Both urinary and/or fecal incontinence in women increase with age affecting 30%-40% of middle-aged women, and up to 50% of older women. While millions of women are impacted by incontinence, (leaky bladder) a recent study published in JAMA Internal Medicine warns that the most commonly prescribed drugs for the treatment of overactive bladder may be associated with dementia.

In a study of almost 300,000 adults in the United Kingdom, there was nearly a 50% increased odds of dementia associated with taking an anticholinergic drug for 3 or more years. As a result of this research many women have stopped taking their medication and are now dealing with the social isolation and distress associated with incontinence.

Lauren Streicher, M.D, a Clinical Professor of Obstetrics and Gynecology at Northwestern University, emphasizes that for women who suffer from incontinence there are non-pharmacologic treatments to reduce or eliminate involuntary loss of urine and stool. Pelvic floor physical therapy is effective first line therapy. However, most women do not have access to pelvic floor physical therapy or are unwilling to undergo treatment.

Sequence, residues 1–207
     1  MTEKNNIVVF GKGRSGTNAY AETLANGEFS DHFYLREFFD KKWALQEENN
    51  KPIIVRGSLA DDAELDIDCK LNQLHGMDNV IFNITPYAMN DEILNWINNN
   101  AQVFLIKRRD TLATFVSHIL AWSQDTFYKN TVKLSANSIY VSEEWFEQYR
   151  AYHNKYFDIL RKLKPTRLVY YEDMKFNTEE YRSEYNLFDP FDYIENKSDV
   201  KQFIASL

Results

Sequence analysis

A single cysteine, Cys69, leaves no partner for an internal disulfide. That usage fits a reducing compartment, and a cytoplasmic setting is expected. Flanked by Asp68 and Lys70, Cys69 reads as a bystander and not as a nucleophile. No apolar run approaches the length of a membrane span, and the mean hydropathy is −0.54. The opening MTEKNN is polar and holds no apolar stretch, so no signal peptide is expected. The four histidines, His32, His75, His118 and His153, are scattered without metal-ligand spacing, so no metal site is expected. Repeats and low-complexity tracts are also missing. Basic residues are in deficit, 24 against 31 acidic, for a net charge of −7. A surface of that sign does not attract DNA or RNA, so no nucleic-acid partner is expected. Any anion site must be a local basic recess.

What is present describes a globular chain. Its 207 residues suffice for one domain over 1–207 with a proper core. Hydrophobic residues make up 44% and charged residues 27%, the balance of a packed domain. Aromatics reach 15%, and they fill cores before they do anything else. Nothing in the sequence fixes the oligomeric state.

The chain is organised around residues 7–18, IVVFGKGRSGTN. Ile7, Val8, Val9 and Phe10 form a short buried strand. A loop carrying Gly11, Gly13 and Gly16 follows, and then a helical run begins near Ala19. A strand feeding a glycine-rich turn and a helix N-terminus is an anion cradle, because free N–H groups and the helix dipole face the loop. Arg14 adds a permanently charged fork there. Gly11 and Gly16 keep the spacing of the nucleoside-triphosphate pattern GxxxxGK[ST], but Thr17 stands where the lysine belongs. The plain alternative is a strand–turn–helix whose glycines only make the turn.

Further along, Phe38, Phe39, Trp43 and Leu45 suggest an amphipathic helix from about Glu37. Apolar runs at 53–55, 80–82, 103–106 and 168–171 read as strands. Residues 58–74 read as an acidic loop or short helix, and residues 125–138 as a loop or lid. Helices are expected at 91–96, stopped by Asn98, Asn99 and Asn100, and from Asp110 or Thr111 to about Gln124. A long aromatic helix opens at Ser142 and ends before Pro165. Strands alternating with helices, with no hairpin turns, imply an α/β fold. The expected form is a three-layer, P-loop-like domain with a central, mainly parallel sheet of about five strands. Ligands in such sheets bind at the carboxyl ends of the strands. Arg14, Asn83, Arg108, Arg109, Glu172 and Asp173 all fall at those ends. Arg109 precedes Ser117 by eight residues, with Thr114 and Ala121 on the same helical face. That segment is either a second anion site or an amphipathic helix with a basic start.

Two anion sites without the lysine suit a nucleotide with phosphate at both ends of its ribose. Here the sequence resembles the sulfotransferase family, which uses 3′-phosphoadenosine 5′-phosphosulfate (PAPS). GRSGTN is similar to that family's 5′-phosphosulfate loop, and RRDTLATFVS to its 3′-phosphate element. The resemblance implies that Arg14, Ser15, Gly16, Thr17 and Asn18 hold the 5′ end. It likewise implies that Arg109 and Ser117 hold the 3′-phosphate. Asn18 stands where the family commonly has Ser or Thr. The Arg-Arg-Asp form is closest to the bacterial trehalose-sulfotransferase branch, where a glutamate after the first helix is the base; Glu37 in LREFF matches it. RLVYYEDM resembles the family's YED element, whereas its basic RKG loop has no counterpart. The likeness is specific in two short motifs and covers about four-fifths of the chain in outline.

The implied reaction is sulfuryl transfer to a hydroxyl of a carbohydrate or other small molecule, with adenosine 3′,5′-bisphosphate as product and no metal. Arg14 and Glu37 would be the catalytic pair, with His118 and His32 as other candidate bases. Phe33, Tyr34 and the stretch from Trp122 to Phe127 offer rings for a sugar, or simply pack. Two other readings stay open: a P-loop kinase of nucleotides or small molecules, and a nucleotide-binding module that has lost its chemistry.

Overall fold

As an alternative or adjunct to pelvic floor PT, there are now home devices designed to reproduce many aspects of pelvic floor physical therapy. Attain is an over the counter, at home device, developed in conjunction with pelvic floor physical therapists, and has been FDA cleared for the treatment of both urinary and fecal incontinence. Attain utilizes electrical stimulation and biofeedback along with a guided exercise program to stimulate muscles at specific frequencies to increase pelvic floor muscle strength, calming the overactive bladder muscles and providing neuromuscular re-training.

Attain also provides a lighted biofeedback graph and visual cues to guide the user through a series of timed, voluntary contractions along with a relaxation phase, much like a physical therapy session.

“People taking anticholinergic medications should consult their medical provider before they stop taking their medication, but should also be reassured that stopping their medication does not mean they need to resort to diapers,” adds Streicher.

Original Article